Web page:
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Tym says

The main action is average, but the funky frills along the way make it fun.

His Gal Friday becomes her own gal.

Writer Jim Lawrence and artist Jorge Lonaro created the first Afr-Am woman to lead a syndicated comic strip (1970-'74). The photog assistant from Harlem becomes an international supermodel viewing the world through her own unique lens. Mirroring the times, the early '70s strips took on a harder street edge dealing with the political realities of the inner city, but by the mid-'70s it had softened into a globe-trotting soap adventure with sharp fashion in the vein of rival "Brenda Starr". Yet Friday's presence in mainstream papers after decades of hurtful stereotypes was invaluable, portraying a proactive modern career woman with sharp wits taking on all obstacles.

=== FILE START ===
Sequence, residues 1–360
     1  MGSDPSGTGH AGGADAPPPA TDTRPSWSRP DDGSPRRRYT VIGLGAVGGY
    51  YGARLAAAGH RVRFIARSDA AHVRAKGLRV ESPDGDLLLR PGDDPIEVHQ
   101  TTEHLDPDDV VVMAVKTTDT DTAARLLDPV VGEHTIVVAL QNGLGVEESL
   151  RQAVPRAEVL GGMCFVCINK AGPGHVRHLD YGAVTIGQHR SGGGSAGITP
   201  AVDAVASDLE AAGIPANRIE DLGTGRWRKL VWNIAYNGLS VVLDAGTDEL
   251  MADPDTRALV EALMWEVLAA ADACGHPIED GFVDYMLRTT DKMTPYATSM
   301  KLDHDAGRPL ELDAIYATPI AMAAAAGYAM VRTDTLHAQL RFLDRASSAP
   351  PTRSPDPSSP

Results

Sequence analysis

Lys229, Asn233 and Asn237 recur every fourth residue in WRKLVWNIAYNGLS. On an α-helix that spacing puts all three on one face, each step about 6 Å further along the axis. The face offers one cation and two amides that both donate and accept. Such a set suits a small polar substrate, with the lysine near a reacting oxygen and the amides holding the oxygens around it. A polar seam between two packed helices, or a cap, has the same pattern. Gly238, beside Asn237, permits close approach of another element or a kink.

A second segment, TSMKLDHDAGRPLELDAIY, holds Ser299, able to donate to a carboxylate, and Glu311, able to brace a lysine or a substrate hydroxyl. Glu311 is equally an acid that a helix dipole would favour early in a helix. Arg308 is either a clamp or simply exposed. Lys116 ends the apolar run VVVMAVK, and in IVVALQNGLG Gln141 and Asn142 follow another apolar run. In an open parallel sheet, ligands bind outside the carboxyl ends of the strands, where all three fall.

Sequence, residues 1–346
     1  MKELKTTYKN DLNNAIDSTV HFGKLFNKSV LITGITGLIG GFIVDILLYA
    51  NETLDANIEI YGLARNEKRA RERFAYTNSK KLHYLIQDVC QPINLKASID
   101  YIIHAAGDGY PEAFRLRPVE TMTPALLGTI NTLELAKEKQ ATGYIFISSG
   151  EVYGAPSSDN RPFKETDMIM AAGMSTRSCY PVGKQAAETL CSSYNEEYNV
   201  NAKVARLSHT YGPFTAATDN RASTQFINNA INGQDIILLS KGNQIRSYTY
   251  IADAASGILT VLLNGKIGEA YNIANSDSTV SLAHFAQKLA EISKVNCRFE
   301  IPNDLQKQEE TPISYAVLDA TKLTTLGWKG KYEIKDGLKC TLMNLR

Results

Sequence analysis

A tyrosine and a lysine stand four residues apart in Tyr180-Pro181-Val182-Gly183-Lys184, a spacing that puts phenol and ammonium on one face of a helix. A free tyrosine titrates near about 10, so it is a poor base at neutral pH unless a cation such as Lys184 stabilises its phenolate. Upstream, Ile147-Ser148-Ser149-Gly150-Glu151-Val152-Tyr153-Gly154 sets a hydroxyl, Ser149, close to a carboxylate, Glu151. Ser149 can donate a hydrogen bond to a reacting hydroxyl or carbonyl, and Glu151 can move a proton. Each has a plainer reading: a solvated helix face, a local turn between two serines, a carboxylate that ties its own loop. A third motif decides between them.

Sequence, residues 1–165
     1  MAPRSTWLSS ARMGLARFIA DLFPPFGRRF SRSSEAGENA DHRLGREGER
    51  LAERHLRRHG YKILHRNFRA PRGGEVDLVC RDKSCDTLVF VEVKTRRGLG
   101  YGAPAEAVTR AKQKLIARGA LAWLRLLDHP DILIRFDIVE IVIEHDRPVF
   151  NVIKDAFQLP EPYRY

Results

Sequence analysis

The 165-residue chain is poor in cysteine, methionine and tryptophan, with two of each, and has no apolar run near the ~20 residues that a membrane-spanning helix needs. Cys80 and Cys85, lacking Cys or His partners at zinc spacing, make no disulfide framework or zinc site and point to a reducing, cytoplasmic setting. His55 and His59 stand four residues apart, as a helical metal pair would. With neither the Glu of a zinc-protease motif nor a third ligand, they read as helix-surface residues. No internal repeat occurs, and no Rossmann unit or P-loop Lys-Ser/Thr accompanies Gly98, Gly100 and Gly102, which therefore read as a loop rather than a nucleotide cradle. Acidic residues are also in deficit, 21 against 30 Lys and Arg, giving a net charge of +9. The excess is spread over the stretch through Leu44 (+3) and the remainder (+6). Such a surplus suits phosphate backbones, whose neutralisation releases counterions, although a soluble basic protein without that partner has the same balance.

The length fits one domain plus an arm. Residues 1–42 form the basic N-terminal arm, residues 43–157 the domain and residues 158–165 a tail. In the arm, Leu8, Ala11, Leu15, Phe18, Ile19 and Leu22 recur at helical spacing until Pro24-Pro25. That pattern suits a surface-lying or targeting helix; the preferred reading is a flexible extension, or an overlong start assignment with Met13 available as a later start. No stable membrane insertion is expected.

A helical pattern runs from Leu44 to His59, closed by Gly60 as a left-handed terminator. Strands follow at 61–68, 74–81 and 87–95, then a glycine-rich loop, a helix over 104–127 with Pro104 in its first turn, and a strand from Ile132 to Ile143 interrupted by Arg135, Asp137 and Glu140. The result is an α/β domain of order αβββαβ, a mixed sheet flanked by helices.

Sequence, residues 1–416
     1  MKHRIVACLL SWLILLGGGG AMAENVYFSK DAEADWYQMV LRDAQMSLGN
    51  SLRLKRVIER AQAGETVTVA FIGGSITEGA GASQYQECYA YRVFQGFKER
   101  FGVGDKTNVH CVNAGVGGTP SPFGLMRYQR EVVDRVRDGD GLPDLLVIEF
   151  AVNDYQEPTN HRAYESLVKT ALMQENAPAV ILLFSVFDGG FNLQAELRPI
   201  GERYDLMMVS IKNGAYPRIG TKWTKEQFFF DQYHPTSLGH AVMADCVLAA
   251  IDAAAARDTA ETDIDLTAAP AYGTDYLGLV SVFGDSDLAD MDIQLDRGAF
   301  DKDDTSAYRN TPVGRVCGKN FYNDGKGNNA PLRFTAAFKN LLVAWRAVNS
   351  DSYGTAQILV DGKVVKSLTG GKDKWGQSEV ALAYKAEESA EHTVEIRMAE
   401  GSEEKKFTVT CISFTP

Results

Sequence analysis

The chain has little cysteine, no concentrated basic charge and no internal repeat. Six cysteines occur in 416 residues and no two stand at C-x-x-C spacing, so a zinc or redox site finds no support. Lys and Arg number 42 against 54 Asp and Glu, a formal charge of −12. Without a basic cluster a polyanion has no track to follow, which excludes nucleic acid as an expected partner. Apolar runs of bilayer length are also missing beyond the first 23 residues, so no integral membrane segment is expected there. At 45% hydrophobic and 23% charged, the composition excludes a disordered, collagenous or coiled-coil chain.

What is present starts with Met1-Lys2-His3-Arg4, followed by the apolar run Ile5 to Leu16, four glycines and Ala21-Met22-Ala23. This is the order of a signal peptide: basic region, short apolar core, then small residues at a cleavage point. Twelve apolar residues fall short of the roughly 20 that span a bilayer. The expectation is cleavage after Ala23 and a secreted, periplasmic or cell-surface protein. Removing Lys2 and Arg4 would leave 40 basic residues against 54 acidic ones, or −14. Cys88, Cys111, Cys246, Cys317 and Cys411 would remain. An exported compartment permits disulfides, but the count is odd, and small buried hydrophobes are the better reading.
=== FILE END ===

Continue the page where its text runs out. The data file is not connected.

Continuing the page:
The strip ran concurrent with the rise of Feminism, as well as the Blaxplosion films. In this era of empowerment culture, Pam Grier helms a broad strokes 1975 film caper made oddly byzantine by a maze of name cameos, while Yaphet Kotto has a clearly enjoyable time as co-lead. It's not as classic as Coffy or Foxy Brown, and much of it cruises into general TV cop fare, but the cast, the sense of style, the talkbox Funk soundtrack, and its Proud Fist politics enliven the ride.

Fans and collectors can purchase a new doll collection of Friday in all her classic period styles (from the film) on the Museum Of Uncut Funk website.